1 of 4
Photo by David Colburn
Mike Dixon stands next to one of his antique vehicles.
2 of 4
Photo by Mike Dixon
One of Dixon’s warehouses houses a variety of vehicles, from his Ford Model-T’s of the 1920s to his 2010 Chevrolet Camaro.
3 of 4
Photo by David Colburn
Mike Dixon, owner of Dixon Heating & Cooling, poses in front of his model car collection at his Granite City office.
4 of 4
Photo by David Colburn
Framed photos show a few of Dixon’s car purchases over the years.
GRANITE CITY — Local residents probably know Mike Dixon as the owner of Dixon Heating & Cooling, a business he’s owned with his wife, Charlotte, for 32 years. They may also know him as the owner of Speedy’s Old Fashion Car Wash & Detail Shop or Dixon’s Tradin’ Post Auction House. They might not know quite as much about his collection of — and affinity for — antique cars.
“I’m just drawn to it like a moth to a flame,” said Dixon, 64, fresh from a job for his “bread and butter,” Dixon Heating & Cooling.
When you step into his main office, your eyes instantly are drawn to a wall of 130 model cars behind his desk — including a 1965 Chevrolet Chevelle, 1959 Cadillac, 1969 Volkswagen bus and 1936 Ford Deluxe Convertible, among many others — and framed photos of just a few of the full-sized cars he owns to the right. He recalls childhood rides in the family car with his father and playing “what’s that car” to relieve the drive’s doldrums.
“If I were to be injected with a truth serum, I’d say that’s how my love of cars started,” he said.
His collection spans a few warehouses and he’s lost count of how many antique cars he owns.
“I say it’s a disease and I’m terminal. There’s nothing they can do for me,” he jokes. “I’ve got five Corvettes; it’s a sickness.” Beyond his decade-spanning collection of Corvettes are sedans, vans and pickups, including a 1964 King Midget, a 1959 Rolls Royce, a 1932 Duesenberg, a 1932 Ford Roadster, a 1980 Ford limousine, a 1941 Dodge panel van, two 1950 Ford pickup trucks and a multitude of Model-T’s from the 1920s.
What separates the automobiles of today from those of yesteryear? Quite a bit, Dixon says.
“Where are the Bill Mitchells and Harley Earls today?” he rhetorically asks as he studies a model car in his office. “In the 1940s and 1950s, the design of a model would change drastically from year to year. That creativity has been lost today. Most of the modern cars I see are little European jelly beans.”
Dixon reminisces about the annual unveiling of new models on Friday nights at Moody’s Chevrolet throughout his adolescent years.
“It was a big extravaganza for the community,” he said. “It was the gala era of automobiles.”
The 1950s remain his favorite era of car design.
“When the space program began, it influenced car designs,” he said. “You can see that in the tail fins on cars from that time period.”
Among his many makes and models sit his two personal favorites, a 1939 Ford pickup and a 1972 Chevrolet Corvette.
“The truck is my absolute favorite because I’ve owned it for 45 years,” he said. “How many people get to say they’ve owned a single vehicle for 45 years?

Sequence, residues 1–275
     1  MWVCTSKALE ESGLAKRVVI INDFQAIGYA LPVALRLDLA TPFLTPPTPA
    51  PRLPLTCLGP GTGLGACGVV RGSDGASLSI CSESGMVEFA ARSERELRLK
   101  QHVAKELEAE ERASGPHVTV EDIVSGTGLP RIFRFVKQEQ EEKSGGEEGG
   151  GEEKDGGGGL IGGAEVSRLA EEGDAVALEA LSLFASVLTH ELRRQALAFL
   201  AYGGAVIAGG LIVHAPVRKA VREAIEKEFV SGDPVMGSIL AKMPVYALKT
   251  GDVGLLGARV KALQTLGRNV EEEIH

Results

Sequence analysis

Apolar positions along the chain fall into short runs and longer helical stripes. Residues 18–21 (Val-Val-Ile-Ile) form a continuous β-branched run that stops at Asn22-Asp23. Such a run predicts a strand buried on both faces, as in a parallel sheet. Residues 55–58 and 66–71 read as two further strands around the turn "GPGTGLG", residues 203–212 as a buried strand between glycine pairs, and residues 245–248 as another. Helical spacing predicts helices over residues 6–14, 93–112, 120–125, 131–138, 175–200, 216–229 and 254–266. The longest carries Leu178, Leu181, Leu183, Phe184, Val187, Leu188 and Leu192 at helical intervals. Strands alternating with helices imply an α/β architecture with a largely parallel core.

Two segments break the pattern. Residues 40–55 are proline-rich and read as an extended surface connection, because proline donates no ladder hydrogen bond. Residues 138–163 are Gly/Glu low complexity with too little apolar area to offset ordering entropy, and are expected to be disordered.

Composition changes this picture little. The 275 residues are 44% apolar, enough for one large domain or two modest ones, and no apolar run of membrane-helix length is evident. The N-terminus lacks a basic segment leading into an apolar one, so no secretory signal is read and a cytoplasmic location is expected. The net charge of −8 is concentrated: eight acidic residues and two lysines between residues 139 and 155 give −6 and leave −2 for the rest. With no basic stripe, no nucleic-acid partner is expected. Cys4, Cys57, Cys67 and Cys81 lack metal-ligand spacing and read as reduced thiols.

“My second favorite is the Corvette because I lowered the body in the Corvette plant in 1972. I helped make it,” Dixon proudly proclaims.
“Money don’t buy happiness, but I’d rather be crying in a Corvette than on a bicycle,” he chuckles, recalling how he was not able to buy the Corvette when he was “22 and broke” but is much more fortunate to be “64 and almost broke.”
The collection has nothing to do with “collectibles.” His connection to each car becomes personal, as evident from the two vehicles he values the most.
“They become part of me,” he said. “They’re like members of my family.”
Dixon confesses an instance in which he reluctantly sold an antique car, then traced it down to re-purchase it.
“Selling one of these is like a death in the family,” he said.
The car collection serves as a release of sorts for Dixon in his down time.
“Some days, I’ll go down to the warehouse when I get off work, put a battery charger on one of the cars, start it up and let it run. It’s soothing,” he said. “It makes me feel good.”
Dixon offers tongue-in-cheek advice to anyone looking to begin an antique car collection: “Buy something inexpensive, put your heart and soul into it, have the nerve to sell it, make money and buy something new. If you don’t have the nerve to sell it, you’ll have two or three warehouses in your future.”
The search for his next purchase won’t be determined by sheer availability, but the heart beneath the hood.
“Cars have to be interesting by my standards,” Dixon said. “I don’t know until I see it, but when I see it, I’ll do what I can to make it mine.”
Dixon Heating & Cooling is located at 2401 Delmar Ave. in Granite City and can be contacted at (618) 877-3378 or online at www.dixonheatingcooling.com/contact. Speedy’s Old Fashion Car Wash & Detail Shop is located at 2301 Madison Ave. in Granite City, and Dixon’s Tradin’ Post Auction House is located at 1735 Grand Ave. in Granite City.
Follow @NewsAdVantage on Twitter